It’s been nearly two decades since their son was murdered, and Dennis and Judy Shepard are still working to turn their tragedy into a call for inclusion.
“We are all different. That’s the blessing,” Dennis Shepard told Hicksville High School students Thursday ahead of the school’s performance of “The Laramie Project,” a play based on the murder of the Shepards' son, Matthew.
On Oct. 6, 1998, Matthew, who was gay, was lured from a bar on the outskirts of the University of Wyoming in Laramie by Aaron McKinney and Russell Henderson, who police said pretended to be gay. Matthew, who was pistol-whipped and left to die tied to a fence, succumbed to his injuries on Oct. 12 after being hospitalized in a coma. Both McKinney and Henderson were sentenced to two consecutive terms of life in prison for the crime.
Matthew is the subject of the widely performed play “The Laramie Project,” which Hicksville High’s 50-member cast and crew are performing. On Thursday, Shepard’s parents spread their message of hope and encouraged the audience to embrace their differences.
“The difficulty about this whole thing was that these two young men decided that Matthew had no right to live because he was different… like those considered fringe,” Dennis Shepard said. “But we are all fringe to somebody. You should be respecting that and getting to know those people who are different.”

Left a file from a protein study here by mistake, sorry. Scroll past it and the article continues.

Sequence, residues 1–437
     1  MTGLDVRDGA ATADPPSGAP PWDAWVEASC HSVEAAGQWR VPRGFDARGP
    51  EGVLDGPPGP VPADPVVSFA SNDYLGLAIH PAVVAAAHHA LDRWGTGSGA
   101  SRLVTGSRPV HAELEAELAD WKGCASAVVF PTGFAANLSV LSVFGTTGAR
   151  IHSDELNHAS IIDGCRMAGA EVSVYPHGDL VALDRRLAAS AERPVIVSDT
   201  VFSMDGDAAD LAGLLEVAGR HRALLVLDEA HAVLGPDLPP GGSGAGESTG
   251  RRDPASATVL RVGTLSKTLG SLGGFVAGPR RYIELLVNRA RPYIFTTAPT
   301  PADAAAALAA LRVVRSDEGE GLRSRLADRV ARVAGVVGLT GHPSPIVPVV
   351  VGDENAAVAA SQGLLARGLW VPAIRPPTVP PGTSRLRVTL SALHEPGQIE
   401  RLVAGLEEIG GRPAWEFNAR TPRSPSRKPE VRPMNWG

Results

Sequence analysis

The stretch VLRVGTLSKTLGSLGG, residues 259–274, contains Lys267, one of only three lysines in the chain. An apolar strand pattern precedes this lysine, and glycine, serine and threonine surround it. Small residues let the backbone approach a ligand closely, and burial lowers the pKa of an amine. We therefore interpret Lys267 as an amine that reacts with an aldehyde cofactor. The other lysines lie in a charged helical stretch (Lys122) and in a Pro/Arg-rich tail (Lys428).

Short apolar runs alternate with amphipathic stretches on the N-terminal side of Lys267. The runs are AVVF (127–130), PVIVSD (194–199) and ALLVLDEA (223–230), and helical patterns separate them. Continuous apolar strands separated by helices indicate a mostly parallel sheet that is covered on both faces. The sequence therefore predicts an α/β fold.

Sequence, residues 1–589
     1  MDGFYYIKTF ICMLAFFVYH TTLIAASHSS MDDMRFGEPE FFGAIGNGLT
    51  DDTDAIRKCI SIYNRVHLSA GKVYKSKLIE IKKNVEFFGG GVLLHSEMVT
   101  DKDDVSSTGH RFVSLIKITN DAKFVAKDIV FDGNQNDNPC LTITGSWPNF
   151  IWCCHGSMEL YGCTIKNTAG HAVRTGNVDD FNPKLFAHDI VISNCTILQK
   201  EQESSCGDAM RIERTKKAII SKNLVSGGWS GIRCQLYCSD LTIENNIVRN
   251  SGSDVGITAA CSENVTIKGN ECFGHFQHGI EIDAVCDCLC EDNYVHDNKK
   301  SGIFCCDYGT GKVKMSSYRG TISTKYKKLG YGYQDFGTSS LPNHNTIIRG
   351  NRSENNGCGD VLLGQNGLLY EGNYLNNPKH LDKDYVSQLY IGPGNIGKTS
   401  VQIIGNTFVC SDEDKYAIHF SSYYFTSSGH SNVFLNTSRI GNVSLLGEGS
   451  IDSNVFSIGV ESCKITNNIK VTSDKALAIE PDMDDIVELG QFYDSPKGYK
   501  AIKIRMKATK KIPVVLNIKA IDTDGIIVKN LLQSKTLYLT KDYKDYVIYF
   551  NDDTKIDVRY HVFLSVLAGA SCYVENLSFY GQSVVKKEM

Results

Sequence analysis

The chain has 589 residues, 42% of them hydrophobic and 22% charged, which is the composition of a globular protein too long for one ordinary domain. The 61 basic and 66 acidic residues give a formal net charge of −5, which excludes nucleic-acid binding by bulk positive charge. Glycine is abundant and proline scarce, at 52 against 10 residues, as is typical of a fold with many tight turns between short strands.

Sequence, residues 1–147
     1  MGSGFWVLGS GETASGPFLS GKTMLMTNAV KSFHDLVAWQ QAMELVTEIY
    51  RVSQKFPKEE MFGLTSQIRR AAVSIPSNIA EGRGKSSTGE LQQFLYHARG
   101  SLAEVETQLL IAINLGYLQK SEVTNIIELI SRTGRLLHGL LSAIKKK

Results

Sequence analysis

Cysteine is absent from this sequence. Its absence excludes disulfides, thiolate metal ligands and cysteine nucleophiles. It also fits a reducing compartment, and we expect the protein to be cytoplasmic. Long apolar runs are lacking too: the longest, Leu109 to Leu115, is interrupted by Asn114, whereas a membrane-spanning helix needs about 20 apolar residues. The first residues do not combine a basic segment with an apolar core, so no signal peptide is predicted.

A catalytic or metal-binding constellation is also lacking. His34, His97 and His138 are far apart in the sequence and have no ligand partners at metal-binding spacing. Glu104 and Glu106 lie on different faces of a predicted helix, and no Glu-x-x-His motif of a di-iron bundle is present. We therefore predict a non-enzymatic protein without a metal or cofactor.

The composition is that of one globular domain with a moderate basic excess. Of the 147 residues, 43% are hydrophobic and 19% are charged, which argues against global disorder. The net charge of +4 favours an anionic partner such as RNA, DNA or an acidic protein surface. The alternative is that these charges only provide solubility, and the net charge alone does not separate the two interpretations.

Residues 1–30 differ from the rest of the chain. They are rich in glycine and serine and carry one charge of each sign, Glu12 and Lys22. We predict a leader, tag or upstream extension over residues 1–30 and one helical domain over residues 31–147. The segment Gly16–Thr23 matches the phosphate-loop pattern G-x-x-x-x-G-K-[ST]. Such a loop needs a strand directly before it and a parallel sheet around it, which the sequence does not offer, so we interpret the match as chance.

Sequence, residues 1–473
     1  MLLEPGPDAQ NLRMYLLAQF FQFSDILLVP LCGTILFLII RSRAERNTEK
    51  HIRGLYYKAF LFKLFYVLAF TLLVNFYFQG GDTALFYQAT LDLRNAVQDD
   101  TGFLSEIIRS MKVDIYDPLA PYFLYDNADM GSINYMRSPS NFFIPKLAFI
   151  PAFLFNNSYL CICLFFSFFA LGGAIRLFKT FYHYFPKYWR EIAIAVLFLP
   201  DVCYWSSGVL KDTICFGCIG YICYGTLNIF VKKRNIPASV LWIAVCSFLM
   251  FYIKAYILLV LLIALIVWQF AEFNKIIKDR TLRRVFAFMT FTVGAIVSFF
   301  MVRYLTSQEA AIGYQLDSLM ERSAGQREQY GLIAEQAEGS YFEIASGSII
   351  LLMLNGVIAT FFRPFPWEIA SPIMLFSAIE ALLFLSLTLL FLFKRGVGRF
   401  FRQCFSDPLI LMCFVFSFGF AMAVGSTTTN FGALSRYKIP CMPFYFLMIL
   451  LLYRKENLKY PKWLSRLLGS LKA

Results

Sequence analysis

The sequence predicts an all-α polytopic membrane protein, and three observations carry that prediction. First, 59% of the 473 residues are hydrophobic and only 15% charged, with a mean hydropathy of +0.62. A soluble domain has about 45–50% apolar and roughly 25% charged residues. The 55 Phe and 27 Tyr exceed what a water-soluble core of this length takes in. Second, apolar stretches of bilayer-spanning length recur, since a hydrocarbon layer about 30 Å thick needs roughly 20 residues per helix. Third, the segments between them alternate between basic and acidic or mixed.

The nation’s current political climate was palpable during Thursday’s assembly. During the Q&A session, Hailey Myrthil, 16, a Hicksville High student, asked about the current presidential administration’s lack of recognition for National Pride Month.
Judy Shepard criticized President Donald Trump’s lack of support for the LGBTQ community, saying she, “is concerned for the safety of those who feel marginalized.” She added that she thinks there isn’t enough being done and that they are still working with the Department of Justice to make positive changes.
The play was developed using hundreds of interviews conducted by Manhattan’s Tectonic Theater Project, which first performed the play in 2002. It has since been performed in theaters around the world and translated into 10 different languages. The three-act play with 60 characters in short vignettes paints the picture of how this kind of crime affects a community.
Hicksville High teacher Caitlin Cassidy, who codirects the drama program, felt lucky that the Shepards could be at the school on opening day.
“It was a coincidence that they were going to be in New York,” said Cassidy. “We are honored they spoke.”
Junior Viren Fernandes, one of the performers, added, “Practicing for the show was one thing, but seeing and hearing the Shepards today really makes this more intense. It will change our performance and make it even more alive.”
Performances of “The Laramie Project” continue Saturday night at Hicksville High School beginning at 7 p.m. Tickets are available at the door.
For more information on the Matthew Shepard Foundation, visit www.matthewshepard.org